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Interoperability an important tool for addressing health care’s challenges

News
Article

Sharing data across care teams can help reduce clinician burnout, improve patient care

Man's finger illuminating images representing interoperability ©BillionPhotos.com-stock.adobe.com

©BillionPhotos.com-stock.adobe.com

Health care is hurting. From clinical care providers to administrative support to the patients who rely on these care providers—everyone across the health care industry faces complex challenges each day.

Last year challenges came in many forms, including data breaches impacting health care that hit an all-time high, affecting well over 100 million people, and financial trends hurting health systems and hospitals, forcing layoffs in the health care sector to nearly double, compounding the care provider shortages caused by widespread burnout.

While we can’t ignore these realities, we should consider that there are bright spots, too, like innovative technology and advances in health intelligence sharing. In 2024, helping these bright spots shine brighter may be one way we can combat industry challenges and help health care heal itself.

Interoperability’s role in combatting burnout

Burnout among care providers is at crisis levels. One-third of physicians at academic medical institutions recently reported moderate or higher intent to leave their institution within the next two years. When researchers looked at factors that predicted intent to leave, burnout was the number one reason.

They’re not alone. Amid staffing shortages, pharmacists are also burned out and worried about the risks of doing more with less—and how a mistake could harm a patient in their care. It’s unlikely a coincidence that in 2022, pharmacy programs saw the largest drop in new graduates since 1983, despite the growing demand seen in the 20% increase in job postings for pharmacists between 2022 and 2023.

The bright spot here is clinical interoperability’s role in reducing administrative tasks that are considered one of the main drivers of burnout. When patient clinical and benefit information is where it needs to be it can make administrative processes, like prior authorizations, faster. This means less time spent by clinicians on the phone or faxing to move patient information through the process.

When clinicians have a more natural workflow, they can focus on caring for patients—the bright spot that can outshine burnout any day.

Opportunities for innovative care mdodels

We know that today, technology is enabling clinicians and health care organizations to send and receive health information across all care settings safely and securely.

And it’s helping clinicians, including physicians, nurse practitioners, physician assistants, nurses and pharmacists among other care providers, to work collaboratively and care for patients as a team.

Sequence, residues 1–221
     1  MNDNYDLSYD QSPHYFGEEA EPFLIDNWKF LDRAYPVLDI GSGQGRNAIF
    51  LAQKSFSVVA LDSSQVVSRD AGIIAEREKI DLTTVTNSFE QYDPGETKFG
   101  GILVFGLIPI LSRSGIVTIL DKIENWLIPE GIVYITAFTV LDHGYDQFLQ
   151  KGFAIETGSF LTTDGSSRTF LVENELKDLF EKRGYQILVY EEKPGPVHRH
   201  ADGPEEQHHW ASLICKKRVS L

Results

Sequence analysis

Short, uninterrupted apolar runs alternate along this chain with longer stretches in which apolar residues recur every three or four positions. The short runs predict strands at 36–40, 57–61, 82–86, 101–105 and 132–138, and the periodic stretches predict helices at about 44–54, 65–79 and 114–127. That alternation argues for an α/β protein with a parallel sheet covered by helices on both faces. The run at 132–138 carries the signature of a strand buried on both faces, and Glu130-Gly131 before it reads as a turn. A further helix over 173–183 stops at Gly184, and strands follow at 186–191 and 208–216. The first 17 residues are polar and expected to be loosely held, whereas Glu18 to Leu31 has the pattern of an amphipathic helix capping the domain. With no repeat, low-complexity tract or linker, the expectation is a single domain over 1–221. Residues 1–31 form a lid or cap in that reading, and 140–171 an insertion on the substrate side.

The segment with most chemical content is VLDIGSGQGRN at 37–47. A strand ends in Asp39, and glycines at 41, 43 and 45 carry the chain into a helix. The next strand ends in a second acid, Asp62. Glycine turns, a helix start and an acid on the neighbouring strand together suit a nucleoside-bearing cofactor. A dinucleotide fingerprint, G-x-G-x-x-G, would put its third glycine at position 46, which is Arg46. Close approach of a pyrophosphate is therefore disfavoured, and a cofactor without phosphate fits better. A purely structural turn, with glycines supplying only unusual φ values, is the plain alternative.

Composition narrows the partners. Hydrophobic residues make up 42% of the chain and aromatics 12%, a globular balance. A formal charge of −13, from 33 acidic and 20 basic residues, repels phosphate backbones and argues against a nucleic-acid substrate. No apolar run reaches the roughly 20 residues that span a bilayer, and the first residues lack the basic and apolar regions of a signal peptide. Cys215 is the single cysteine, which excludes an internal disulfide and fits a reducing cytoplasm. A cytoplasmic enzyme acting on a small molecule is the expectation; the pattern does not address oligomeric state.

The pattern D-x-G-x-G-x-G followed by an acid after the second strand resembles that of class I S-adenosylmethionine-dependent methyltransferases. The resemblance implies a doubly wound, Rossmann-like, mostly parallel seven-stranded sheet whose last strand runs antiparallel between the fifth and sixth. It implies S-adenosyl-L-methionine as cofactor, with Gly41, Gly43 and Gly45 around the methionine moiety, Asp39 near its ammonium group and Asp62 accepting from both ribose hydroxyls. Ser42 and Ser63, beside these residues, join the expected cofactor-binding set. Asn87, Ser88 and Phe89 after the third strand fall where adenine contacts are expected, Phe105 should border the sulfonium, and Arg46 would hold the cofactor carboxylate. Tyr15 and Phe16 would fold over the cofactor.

This is a change from what had previously been a more siloed system of care. Born out of necessity during the height of the COVID-19 pandemic, the evolving care team continues to be a key factor, ensuring care remains accessible for patients across the country.

Research shows that nearly half of all U.S. counties, 3,233 in total, have too few primary care providers (PCPs), with just one PCP for every 1,500 people.

The bright spot here is that pharmacists, who are playing an ever-larger role in filling patient care gaps and helping reduce the cost of care, may be able to help fill some essential gaps in care.

The research cited above also shows that 61% of counties with a PCP shortage also have a high or medium volume of retail pharmacies, an opportunity for pharmacists to address unmet needs in patient care.

And they are doing just that, as another 2023 study calculated that pharmacist-led interventions for patients with high blood pressure could save over $10,000 in care costs per patient.

And it’s bringing to light the growing momentum behind value-based care models and how they can address clinician shortages by incenting collaborative care teams to focus on helping patients avoid significant, resource-intensive care events. Another study found that in 2022, value-based care programs prevented more than 200,000 inpatient admissions and 146,000 emergency department visits and patient experience and satisfaction was 18% higher under value-based care.

In the next year, we will continue to see innovative technology that simplifies patient data sharing, creating efficiencies across patient care teams. It is more important than ever as clinical care teams evolve and expand that they have access to patient intelligence to truly enable collaboration.

The broader health care industry has a distinct opportunity to strengthen its commitment to ensuring care providers have the information they need to provide quality and less costly care for their patients. And it’s one of the bright spots we ought to let outshine the challenges in health care in 2024.

Melanie Marcus is chief marketing and customer experience officer for Surescripts.

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